She measured his short tail (23.5 mm), as well as his wings (40.42 mm). The female black-chinned hummer would have more rounded wing feather tips than this male.

 

Susan took a few photos of ‘Rassing and he got a few long drinks from a feeder held by Lucretia. Then Susan gave me the honor of releasing him – and to my delight, he chose to sit in my hand for what seemed to be at least 90 seconds. I could feel him breathing and it was a real thrill to see him so close. With a little flutter of his wings he took off – and then stayed away from the feeder for quite some time.

 

I added a feeder in the backyard and ‘Rassing began preferentially feeding there – perhaps the front yard had acquired some unpleasant memories. However, at the end of the day, I would remove the backyard feeder so that visitors who wanted to see him had a better chance of seeing him dine at the front-yard feeders.

 

 

A fair number of birders were interested in being able to add him to their life, state and county bird lists, so I offered to schedule visits through a birding listserv for a few people at a time. ‘Rassing appeared more reticent to stay at the feeder when there were more than 2 or 3 people watching, which is understandable. Who wants an audience for each meal and snack you eat??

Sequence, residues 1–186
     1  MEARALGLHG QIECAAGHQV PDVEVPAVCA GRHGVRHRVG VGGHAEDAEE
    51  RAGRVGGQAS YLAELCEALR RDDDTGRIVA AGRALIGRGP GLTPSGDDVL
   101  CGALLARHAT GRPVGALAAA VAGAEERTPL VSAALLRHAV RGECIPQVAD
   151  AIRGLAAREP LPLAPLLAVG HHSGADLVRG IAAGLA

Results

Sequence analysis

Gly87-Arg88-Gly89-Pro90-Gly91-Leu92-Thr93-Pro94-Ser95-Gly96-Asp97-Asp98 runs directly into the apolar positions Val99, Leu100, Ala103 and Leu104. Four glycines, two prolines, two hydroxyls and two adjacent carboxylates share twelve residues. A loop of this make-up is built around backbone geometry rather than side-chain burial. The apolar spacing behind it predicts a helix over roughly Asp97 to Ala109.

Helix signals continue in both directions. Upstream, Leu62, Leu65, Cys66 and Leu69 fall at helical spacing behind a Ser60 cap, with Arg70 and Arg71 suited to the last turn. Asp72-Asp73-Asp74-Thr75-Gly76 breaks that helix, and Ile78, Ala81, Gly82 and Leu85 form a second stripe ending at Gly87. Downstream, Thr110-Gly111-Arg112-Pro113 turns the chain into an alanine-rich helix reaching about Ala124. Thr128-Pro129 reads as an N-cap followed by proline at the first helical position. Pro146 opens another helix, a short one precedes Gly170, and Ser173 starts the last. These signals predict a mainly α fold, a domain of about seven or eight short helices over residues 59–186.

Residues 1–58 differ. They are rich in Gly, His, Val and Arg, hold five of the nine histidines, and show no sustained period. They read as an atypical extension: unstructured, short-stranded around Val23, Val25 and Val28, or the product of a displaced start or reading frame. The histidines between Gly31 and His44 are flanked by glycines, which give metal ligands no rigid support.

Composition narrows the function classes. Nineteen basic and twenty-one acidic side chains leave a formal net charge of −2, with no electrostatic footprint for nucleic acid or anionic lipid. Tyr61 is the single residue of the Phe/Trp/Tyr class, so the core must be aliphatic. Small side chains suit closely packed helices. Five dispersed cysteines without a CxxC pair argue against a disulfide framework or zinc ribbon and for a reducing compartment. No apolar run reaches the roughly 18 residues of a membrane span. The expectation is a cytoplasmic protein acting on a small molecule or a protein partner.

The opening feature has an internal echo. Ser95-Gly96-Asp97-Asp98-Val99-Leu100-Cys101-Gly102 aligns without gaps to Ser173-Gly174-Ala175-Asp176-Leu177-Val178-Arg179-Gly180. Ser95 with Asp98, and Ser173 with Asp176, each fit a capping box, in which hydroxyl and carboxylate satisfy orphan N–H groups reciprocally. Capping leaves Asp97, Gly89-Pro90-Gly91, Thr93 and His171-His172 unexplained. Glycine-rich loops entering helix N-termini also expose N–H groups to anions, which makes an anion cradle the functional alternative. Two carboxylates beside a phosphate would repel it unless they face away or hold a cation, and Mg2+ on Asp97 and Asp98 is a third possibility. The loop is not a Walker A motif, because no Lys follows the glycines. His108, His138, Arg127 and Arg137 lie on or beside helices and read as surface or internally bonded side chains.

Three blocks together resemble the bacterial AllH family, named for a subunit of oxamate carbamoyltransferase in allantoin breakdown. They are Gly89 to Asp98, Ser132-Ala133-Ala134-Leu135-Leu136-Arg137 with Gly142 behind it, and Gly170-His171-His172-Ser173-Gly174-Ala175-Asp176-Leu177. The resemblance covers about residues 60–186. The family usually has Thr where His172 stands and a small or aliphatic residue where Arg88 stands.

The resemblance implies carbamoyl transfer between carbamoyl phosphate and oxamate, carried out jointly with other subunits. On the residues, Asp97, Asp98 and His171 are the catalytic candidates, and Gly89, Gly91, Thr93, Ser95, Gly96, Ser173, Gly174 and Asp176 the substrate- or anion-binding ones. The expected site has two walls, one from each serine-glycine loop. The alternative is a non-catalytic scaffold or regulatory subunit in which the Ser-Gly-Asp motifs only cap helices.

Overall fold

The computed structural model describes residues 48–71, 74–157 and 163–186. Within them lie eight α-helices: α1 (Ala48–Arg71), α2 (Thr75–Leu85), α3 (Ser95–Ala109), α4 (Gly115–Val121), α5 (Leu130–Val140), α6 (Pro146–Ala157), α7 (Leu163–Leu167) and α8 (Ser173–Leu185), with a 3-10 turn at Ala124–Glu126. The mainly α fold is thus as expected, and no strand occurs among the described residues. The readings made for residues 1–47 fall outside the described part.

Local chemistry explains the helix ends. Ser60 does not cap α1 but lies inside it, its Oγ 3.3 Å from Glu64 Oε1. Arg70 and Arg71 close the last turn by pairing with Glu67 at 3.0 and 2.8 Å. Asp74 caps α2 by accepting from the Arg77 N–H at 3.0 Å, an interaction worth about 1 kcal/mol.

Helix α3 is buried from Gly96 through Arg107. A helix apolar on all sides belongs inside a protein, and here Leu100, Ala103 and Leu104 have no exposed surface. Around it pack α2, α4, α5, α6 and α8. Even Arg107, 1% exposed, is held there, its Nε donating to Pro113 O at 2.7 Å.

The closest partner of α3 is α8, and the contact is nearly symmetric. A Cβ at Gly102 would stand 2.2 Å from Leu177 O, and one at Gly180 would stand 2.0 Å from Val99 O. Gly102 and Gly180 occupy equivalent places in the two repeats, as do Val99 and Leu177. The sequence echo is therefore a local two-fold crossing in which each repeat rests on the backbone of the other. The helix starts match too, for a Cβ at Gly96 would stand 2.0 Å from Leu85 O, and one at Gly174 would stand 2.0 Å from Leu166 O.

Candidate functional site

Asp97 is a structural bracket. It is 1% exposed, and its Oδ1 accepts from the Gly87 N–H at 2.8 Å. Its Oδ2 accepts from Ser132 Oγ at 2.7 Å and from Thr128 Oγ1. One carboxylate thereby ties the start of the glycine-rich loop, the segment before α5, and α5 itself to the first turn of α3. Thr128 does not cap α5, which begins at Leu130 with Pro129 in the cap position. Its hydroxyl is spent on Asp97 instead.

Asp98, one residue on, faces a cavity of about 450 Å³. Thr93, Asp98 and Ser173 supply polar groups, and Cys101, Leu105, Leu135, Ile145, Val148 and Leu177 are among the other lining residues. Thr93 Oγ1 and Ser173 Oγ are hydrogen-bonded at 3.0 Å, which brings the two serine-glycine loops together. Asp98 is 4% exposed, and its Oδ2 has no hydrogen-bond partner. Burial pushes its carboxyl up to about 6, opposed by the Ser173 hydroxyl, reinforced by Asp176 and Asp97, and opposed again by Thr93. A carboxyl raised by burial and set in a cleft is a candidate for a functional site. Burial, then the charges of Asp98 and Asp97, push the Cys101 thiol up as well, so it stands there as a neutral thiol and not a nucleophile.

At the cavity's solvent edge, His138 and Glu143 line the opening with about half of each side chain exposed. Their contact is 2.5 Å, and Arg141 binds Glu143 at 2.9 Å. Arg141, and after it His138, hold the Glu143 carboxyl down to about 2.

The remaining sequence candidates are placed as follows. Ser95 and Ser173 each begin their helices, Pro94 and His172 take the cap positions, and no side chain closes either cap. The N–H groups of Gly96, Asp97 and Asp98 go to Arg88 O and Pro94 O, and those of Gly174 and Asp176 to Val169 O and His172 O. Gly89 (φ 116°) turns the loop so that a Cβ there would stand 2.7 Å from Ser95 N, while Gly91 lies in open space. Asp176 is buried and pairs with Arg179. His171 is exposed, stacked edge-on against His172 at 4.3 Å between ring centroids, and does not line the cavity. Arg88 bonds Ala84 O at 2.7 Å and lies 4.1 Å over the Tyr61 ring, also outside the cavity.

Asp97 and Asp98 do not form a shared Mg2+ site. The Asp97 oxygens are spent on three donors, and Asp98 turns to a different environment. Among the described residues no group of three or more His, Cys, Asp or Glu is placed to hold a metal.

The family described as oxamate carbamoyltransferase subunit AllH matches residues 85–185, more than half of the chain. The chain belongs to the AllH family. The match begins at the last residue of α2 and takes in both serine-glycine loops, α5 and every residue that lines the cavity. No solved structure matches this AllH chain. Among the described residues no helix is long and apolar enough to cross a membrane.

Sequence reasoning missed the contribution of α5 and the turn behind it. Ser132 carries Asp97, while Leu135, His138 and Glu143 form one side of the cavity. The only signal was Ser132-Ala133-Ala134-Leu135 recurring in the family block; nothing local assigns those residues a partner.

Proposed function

When it rained, the feathers atop his head clumped together, giving him a new “hair-do.”

 

 

It appears that this species of hummingbird has not been studied much. I found his behavior interesting and spent a good amount of time observing him (chores had to wait). When I watched him leave the feeder and go to a nearby tree, he would sometimes watch me (turnabout fair play, of course).

 

 

He seemed very comfortable with lots of other bird species at nearby feeders. Perhaps it gave him a safer feeling.

‘Rassing tended not to sit on feeders, as ruby-throated hummers often do. Instead, he mainly hovered and vigorously pumped his short tail quite a lot. I learned that this tiny bundle of energy was breathing at a flight rate of about 1260 beats per minute!

 

Occasionally, you could see the band on his leg but mostly he kept his legs tucked into his body.

In the evenings, he came around nearly the same time each day to have a longer drink and then he sometimes perched while feeding.